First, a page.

Even though many people do worship at these shrines, they are also members of other faiths. A 2014 estimate from the U.S. State Department shows that 82% of people in Uganda are Christian, 14% are Muslim and less than 5% are Jewish, not religious or only worship with their traditional beliefs. What doesn’t show up in the data is how many people worship within both their newfound faith and their traditional beliefs. 

“When they are faced with a crisis, they go back to the traditional worship,” Dr. Musisi said. 

For example, Dusulwa is a member of The Church of Jesus Christ of Latter-day Saints, which sponsors BYU-Idaho. He joined the Church in 1995. His wife and six children are now also members. He faithfully goes to church each Sunday, traveling 60 miles to his nearest congregation. But Dusulwa is also a leader of his Buganda clan Kobe. It’s one of 52 clans in the kingdom. His responsibilities include performing marriages, helping in burials and performing naming of children ceremonies. He doesn’t see a conflict between his Christian faith and his cultural heritage. In fact, he’s grateful for this project and hopes it helps the people of Buganda be proud of their culture. 

“Now this project is going to help bring out all that on the table and then we can march and say, ‘Of course! Not everything in the African culture is good, but most is good,’” he said. 

He sees that as Uganda is becoming more modern, as people take jobs in office buildings, the traditions are becoming harder to hold on to. Right now, they squeeze them into their weekends. Pigott says with the progress of their society comes the encroachment of greed. Some of the shrines have been taken over by people who just want to make money. He hopes that when they turn the project over to the king, he’ll “throw out the moneychangers.”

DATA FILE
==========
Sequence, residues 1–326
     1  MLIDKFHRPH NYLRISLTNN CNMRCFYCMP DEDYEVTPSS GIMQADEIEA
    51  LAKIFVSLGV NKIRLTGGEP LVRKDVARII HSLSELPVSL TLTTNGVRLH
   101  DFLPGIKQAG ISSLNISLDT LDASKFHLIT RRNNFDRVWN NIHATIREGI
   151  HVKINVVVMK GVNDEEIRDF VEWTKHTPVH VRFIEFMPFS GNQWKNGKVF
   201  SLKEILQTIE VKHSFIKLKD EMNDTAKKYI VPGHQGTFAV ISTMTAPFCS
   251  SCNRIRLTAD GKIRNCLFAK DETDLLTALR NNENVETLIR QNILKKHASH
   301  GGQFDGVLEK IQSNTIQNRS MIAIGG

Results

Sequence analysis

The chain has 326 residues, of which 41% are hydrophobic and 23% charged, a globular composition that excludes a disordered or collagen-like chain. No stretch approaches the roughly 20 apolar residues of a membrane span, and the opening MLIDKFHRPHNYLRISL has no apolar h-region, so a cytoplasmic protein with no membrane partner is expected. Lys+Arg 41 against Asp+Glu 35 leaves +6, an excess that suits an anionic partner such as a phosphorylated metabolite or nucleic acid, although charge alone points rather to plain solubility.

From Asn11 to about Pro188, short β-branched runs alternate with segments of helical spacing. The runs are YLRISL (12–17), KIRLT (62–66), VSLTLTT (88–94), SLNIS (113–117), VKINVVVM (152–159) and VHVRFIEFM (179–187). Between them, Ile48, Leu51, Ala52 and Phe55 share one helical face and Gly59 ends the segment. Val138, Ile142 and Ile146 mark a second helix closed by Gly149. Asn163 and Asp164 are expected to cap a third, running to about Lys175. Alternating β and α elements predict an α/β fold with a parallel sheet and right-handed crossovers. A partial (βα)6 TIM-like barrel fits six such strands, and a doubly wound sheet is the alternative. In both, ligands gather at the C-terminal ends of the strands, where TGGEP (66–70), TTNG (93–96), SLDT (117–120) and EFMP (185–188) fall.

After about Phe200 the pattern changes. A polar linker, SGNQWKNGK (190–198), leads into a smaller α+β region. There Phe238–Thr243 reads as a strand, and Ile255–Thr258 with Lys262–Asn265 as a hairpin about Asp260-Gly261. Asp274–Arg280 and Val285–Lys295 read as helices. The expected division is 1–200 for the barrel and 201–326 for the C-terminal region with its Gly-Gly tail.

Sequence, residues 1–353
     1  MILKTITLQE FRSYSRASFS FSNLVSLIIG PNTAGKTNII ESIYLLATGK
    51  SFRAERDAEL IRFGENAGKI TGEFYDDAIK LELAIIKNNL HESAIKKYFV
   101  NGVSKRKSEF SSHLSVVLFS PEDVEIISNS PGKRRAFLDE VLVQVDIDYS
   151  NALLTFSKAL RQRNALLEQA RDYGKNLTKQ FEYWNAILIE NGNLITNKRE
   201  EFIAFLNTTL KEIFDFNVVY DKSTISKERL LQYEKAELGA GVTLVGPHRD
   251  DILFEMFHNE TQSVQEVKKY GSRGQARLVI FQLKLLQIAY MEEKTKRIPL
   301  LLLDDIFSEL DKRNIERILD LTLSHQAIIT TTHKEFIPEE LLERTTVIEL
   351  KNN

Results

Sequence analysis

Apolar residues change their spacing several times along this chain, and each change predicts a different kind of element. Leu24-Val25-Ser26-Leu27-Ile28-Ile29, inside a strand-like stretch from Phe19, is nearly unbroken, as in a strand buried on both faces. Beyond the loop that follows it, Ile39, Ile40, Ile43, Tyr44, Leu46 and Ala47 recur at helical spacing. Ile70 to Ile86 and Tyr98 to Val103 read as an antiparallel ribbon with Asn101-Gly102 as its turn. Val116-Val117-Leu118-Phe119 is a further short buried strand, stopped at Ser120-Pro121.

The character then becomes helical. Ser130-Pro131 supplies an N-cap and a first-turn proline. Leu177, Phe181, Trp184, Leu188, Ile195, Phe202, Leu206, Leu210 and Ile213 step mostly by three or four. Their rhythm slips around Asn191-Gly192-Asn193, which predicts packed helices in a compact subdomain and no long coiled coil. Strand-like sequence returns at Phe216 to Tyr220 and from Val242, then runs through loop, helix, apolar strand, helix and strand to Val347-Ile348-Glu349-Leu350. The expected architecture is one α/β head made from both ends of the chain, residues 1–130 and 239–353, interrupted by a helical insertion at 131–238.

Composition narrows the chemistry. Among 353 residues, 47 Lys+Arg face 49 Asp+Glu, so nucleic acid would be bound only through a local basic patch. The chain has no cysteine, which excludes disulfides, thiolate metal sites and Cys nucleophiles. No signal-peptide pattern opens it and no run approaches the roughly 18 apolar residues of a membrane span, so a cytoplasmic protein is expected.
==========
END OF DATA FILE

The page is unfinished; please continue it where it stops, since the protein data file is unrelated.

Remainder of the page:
Once the project is complete and the information is available online, Musisi says it will be possible for anyone to access the information anywhere in the world, including Africans who may have left the country and haven’t had the chance to experience the shrines. 

Lyman and fellow student Ethan Johnson were humbled they were able to take part in the project. They saw these shrines firsthand as they documented where they were. Johnson remembers one shrine that was part of a rock outcropping that included shrines to multiple gods. 

“This was cool because it had so much going on there,” he said. 

The students enjoyed meeting the caretakers of the shrines who welcomed them into their homes and shared their culture with them, including one priestess on the Ssese Islands in Lake Victoria. 

“It was really neat, and it was really fascinating to be extended the hand of friendship by these people, really honoring,” Lyman said. 

The students will certainly remember this experience for a lifetime. Pigott will use the experience in his classroom for years to come. He says the tension of the traditional versus the modern is relatable to BYU-Idaho students today. 

“That tension is still playing out in our culture,” he said, “It’s a little more easy to test in Africa because, honestly, they’re in the process of that development, just like we are, we’re just a few decades ahead of them.” 

To learn more about the Kingdom of Buganda, click here.